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Vatican Chinese rapprochement

By Keith Suter - posted Wednesday, 26 September 2018

The Vatican and China have agreed to improve relations after a break of almost 70 years. This is a controversial decision for both sides.

After the communists came to power in 1949, there was a clamp down on all religious activities. Eventually, some religious activities were officially permitted but only under strict governmental control.

The Holy See (Vatican) has long sought to run its own affairs in whichever countries it operates. This has not been possible in China.


In China, the "official" Catholic Church is the Chinese Patriotic Catholic Association. Seven bishops have been created by the Chinese government but these were not recognized by the Vatican and so were excluded from international Catholic gatherings (such as those in Rome).

There is also an "underground" Catholic Church which does not have official recognition. There are about 10 to 12 million Catholics in China and the number is growing.

Under the new agreement, the Vatican will now recognize the seven bishops created by the Chinese government, and the Vatican and the government will in future negotiate on who else will be made bishops. The Holy See is sharing its power in appointments – something it does not do elsewhere.

The negotiations have gone on for many years (possibly as many as 30) and so this was not a quick decision by the current Pope. But for some of his critics, this will provide additional ammunition.

The agreement has been criticised by retired Hong Kong Cardinal Joseph Zen and others who do not like this closeness between the Vatican and Beijing. There are also some overseas-born Chinese (such as those living in the USA who do not like it either. Members of the "underground" Church have sometimes suffered for their faith; they must now wonder if their sacrifice was worth it.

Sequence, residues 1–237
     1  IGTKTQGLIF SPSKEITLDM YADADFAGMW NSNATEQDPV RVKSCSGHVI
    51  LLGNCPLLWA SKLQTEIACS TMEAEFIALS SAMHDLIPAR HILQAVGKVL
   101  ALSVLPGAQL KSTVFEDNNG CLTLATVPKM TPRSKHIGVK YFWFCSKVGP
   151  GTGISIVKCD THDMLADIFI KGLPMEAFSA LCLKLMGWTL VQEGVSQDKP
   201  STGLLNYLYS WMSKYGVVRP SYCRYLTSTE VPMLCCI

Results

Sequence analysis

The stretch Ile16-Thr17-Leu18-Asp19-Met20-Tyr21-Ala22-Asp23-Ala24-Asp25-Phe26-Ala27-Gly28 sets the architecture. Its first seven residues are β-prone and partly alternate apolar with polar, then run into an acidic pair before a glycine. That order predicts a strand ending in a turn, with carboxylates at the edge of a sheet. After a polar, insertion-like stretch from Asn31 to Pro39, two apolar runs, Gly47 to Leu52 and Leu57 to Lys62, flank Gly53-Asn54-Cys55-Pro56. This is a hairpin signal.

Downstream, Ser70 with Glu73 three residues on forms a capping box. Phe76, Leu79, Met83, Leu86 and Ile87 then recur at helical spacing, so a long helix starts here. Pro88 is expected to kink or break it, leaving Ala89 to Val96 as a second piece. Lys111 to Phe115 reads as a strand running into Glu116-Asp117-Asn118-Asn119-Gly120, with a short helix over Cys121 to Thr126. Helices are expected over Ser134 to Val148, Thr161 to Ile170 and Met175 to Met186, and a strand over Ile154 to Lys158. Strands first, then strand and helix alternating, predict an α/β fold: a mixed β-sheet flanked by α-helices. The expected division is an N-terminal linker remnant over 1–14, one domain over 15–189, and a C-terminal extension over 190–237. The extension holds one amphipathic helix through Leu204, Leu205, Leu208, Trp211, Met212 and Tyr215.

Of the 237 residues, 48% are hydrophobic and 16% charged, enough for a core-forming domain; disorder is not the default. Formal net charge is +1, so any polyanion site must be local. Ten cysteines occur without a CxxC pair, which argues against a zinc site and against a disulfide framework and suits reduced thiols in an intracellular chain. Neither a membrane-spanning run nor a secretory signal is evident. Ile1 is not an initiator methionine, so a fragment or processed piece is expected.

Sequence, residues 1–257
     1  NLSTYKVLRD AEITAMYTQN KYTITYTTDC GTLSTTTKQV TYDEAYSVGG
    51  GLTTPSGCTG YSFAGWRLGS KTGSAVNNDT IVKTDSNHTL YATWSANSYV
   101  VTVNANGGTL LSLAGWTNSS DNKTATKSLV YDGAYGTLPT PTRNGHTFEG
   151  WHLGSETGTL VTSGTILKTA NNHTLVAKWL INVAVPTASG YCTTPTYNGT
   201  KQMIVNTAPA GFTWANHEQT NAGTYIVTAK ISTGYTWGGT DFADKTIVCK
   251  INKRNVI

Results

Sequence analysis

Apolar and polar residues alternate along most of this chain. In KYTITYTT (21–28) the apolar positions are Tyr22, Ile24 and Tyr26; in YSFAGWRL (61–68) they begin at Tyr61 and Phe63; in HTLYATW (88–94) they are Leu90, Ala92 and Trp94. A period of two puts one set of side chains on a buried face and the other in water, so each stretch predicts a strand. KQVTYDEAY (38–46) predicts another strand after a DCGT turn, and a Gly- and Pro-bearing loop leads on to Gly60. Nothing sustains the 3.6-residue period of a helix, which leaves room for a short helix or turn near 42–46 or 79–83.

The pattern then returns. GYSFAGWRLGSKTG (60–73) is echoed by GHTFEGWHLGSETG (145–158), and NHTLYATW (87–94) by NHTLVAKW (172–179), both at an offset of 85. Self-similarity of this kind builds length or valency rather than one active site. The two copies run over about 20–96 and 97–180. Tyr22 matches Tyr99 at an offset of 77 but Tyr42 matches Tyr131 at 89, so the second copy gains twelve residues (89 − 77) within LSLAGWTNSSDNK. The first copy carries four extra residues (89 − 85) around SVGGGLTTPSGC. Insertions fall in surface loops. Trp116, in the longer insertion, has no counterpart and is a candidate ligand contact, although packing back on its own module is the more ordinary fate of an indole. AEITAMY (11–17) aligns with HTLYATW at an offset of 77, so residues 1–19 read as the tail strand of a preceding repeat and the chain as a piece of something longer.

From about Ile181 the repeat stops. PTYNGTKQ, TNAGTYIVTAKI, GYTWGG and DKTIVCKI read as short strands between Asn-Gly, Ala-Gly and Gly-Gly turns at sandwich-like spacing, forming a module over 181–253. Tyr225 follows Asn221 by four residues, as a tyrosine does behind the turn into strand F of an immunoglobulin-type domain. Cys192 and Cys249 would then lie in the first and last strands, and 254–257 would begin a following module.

The Catholic Church has been around, in one form of another, for two millennia. Therefore, it could be argued, the Vatican could have waited for a few more decades before making this agreement. The Vatican could outlast the current Chinese government and so it could have waited to do a deal. There was no urgent need for one now.


Taiwan must also be troubled by it. The Holy See is the only European entity to recognize Taiwan and is one of only 17 countries worldwide to do so. Taiwan must be worried about losing an ally in its competition with China for international recognition.

Meanwhile, within China there must also be some apprehension among the communist hardliners. For the atheistic Chinese government to do a deal with the Vatican is a recognition that religion is still a factor in Chinese affairs.

The sacrifice of Catholic and Protestant missionaries decades ago are now paying off. The movie Chariots of Fire, for example, commemorated the Olympic career of Eric Liddell (1902-45). After the 1924 Paris Olympics, he went off to be a missionary in China (where he had been born of Scottish missionary parents) and died there as a Japanese POW. All that work has paid off in the long sweep of history because the number of Christians in China continues to grow.

But this is not good news for the Chinese atheists who are troubled by all the religious activities (Christian and Islamic) now underway. Communism and consumerism are not necessarily winning all the hearts and minds in China.

To conclude, this controversial agreement is part of an international trend so easily overlooked in the complacent, agnostic West: the importance of religious belief still has political consequences. Religion may be a waning force in the West but it still has an impact in the other 90 per cent of the world's population.

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About the Author

Dr Keith Suter is a futurist, thought leader and media personality in the areas of social policy and foreign affairs. He is a prolific and well-respected writer and social commentator appearing on radio and television most weeks.

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